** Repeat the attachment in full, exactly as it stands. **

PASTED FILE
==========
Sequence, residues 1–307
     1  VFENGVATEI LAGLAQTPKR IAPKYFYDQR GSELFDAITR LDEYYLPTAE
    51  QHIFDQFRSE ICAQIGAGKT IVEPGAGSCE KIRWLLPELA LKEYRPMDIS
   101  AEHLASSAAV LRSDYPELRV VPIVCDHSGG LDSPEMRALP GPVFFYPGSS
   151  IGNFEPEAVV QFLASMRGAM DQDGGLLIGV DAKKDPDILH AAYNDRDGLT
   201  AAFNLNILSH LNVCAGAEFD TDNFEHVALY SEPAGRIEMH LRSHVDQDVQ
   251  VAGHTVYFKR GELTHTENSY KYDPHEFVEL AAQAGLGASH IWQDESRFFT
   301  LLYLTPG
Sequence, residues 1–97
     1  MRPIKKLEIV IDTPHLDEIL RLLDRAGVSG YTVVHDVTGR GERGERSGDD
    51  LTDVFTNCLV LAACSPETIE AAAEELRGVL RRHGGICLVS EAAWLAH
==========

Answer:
Sequence, residues 1–307
     1  VFENGVATEI LAGLAQTPKR IAPKYFYDQR GSELFDAITR LDEYYLPTAE
    51  QHIFDQFRSE ICAQIGAGKT IVEPGAGSCE KIRWLLPELA LKEYRPMDIS
   101  AEHLASSAAV LRSDYPELRV VPIVCDHSGG LDSPEMRALP GPVFFYPGSS
   151  IGNFEPEAVV QFLASMRGAM DQDGGLLIGV DAKKDPDILH AAYNDRDGLT
   201  AAFNLNILSH LNVCAGAEFD TDNFEHVALY SEPAGRIEMH LRSHVDQDVQ
   251  VAGHTVYFKR GELTHTENSY KYDPHEFVEL AAQAGLGASH IWQDESRFFT
   301  LLYLTPG
Sequence, residues 1–97
     1  MRPIKKLEIV IDTPHLDEIL RLLDRAGVSG YTVVHDVTGR GERGERSGDD
    51  LTDVFTNCLV LAACSPETIE AAAEELRGVL RRHGGICLVS EAAWLAH